Archived entries for social media

Dance for store credit, monkey boy!

And if that headline doesn’t entice you, I give up. : )

I just stumbled across a startup called Splashscore.  The premise is that for every Facebook post you write that your friends like or comment on, the more points you earn towards credit at stores such as Walmart, The Gap, Applebees, etc.  It’s not clear if you accrue points or if your rewards are dependent on an extremely popular and/or controversial posting.

Walk with me now as I spin out the future of engaging with Splashscore.  Research show that folks are already performing a sanitized version of themselves on social media platforms — no mentions of plantar warts, excema, alcoholism, bullying, extortion, you name it — so why not raise the ante a bit and get a little something something in return?  Though anyone familiar with social media also knows that the most popular posts are not always the best posts. The posts that seem to get the most traction and go viral typically activate our cute, melodrama, slapstick, rage and kitten receptors.

How does Splashscore tabulate my winnings?  Clearly they’ll have a connection into my site and my postings, and probably noting along the way my online habits — the companies I like as well as the company I keep, and what they like.

So I post something — is it true? Does it matter? — about a sick kitten who hilariously tumbles down an incline and experiences grass beneath her tiny toes for the first time — and I start raking in the Splashscore points.  To what end, though?  I appreciate the array of sponsors but it’s not clear how often one needs to debase oneself for likes, or the size of the awards. At the end of the day I may lose the trust and respect of my 500 friends all for a free Zagnut.  I can also see a shadow army paid to like or engage on a post. Nowhere in the instructions does it say that it has to be an intelligent post.  Bring on the spammers!!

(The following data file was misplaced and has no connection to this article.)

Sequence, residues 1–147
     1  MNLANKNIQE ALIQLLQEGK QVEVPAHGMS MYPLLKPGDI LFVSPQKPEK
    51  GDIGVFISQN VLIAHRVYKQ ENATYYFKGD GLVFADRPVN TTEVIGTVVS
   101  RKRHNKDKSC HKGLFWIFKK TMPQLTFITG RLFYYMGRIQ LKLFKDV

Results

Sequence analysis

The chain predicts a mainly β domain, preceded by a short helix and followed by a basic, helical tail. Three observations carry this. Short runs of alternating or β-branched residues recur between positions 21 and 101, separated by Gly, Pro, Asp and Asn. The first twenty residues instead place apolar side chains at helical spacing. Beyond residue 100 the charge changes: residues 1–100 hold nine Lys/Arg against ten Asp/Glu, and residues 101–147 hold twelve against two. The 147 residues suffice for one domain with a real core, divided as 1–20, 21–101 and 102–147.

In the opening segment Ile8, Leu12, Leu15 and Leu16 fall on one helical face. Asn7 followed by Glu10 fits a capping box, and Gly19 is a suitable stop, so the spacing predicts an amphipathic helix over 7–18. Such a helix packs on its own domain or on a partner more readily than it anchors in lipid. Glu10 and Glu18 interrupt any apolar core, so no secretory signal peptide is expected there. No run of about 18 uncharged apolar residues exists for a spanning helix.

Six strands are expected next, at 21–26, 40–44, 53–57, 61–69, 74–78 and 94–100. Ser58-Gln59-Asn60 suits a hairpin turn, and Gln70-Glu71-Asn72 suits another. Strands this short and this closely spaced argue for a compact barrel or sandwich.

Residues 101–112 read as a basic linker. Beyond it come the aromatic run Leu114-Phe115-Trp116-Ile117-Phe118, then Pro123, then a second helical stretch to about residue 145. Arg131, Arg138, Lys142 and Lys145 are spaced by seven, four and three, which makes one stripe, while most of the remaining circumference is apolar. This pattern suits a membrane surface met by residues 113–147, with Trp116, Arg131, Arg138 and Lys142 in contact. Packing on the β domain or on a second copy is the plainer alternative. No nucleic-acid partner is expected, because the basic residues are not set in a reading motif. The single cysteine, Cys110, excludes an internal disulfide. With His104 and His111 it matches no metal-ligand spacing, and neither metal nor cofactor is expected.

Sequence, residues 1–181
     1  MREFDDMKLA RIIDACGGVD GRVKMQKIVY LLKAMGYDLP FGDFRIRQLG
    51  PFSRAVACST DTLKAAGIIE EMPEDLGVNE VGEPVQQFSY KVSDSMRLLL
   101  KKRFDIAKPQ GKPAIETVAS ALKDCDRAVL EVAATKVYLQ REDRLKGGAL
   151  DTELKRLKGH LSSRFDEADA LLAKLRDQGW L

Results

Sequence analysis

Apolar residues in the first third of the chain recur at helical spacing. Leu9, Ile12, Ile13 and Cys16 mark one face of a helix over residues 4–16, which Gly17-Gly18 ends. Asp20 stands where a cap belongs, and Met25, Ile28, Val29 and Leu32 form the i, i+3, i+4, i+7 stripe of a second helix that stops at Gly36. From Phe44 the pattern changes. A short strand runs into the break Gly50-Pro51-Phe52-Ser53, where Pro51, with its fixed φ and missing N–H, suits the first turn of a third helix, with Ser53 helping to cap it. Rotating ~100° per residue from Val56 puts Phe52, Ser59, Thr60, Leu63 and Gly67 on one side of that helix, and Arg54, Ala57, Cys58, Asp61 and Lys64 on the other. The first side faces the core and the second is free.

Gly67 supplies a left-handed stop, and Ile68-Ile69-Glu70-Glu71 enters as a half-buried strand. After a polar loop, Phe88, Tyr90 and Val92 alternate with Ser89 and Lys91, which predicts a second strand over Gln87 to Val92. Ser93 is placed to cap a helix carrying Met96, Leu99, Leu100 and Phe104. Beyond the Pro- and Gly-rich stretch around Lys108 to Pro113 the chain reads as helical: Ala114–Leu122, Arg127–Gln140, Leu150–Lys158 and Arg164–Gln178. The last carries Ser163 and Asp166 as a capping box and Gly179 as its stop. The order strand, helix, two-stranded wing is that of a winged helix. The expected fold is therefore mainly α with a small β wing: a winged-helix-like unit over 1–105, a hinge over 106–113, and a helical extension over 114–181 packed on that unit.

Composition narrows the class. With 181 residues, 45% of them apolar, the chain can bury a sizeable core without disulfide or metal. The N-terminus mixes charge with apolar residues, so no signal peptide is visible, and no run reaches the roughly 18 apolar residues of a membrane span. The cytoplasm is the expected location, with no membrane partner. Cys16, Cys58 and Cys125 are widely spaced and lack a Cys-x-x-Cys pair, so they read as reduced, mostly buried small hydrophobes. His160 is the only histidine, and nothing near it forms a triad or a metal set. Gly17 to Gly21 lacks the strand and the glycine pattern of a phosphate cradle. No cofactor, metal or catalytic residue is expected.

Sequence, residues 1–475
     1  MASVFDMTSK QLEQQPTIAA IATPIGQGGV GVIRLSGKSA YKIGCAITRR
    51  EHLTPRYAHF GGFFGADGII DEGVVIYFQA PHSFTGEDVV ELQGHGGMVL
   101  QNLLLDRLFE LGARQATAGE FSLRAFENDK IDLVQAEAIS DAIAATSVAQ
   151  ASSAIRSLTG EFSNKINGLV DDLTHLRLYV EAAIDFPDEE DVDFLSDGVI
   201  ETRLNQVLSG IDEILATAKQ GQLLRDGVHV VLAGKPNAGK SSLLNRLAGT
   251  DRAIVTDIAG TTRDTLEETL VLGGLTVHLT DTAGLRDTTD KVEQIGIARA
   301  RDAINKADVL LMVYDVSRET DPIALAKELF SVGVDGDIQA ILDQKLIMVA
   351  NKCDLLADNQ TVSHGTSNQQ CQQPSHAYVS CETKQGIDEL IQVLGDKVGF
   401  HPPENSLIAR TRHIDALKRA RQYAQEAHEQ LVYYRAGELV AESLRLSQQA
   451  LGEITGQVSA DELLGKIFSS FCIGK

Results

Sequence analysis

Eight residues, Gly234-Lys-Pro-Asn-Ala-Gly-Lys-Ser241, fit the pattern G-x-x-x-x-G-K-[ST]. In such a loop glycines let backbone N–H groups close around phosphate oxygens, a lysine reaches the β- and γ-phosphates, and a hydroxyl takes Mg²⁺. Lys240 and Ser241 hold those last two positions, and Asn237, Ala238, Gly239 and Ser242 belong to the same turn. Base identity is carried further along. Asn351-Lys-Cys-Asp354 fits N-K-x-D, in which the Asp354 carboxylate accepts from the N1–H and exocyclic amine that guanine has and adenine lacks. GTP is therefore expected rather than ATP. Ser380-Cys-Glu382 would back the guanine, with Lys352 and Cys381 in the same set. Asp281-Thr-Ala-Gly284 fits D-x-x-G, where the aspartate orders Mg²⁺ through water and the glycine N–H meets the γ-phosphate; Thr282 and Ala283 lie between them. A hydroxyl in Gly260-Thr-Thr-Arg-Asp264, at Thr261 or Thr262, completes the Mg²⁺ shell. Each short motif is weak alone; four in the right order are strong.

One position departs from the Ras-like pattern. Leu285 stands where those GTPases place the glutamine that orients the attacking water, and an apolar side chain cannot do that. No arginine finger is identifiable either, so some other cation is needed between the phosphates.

And there, my friends, you have in a nutshell the passion play of modern capitalism.

Massive Online Bullying

Back in my day, bullies had to show up, often with a couple of friends in tow, and threaten to bash your teeth in person.  Now bullies are often anonymous and can just dial it in. I came cross this paper today in my travels (caution: PDF):

Changes in the climate of higher education itself may be linked to some bullying incidents. Twale and De Luca (2008) write of the “rise of the aca demic bully culture” in which opportunism and social ineptitude does not support civility in intellectual interactions. Such behaviors, considered individually, often appear to be insignificant. However, considered in context and combined with other inappropriate behaviors they can have direct impacts on the quality of instructional experience for students…

The article goes on to describe incidences of teacher-on-teacher bullying, including mentor-on-teacher, and of course the classic case of the student bully.  This piece by yours truly has some interesting information on who is likely to get bullied (hint: obese kids, those not heteronormal, ugly and pretty girls (let’s just say girls, shall we?)).

I do wonder if the fundamental qualities of bullying and bullying culture have shifted with the adoption of new digital media.  Like, is it considered better or worse to be known as a bully?  Are the best bullies now the anonymous ones who don’t get caught?  Food for thought.



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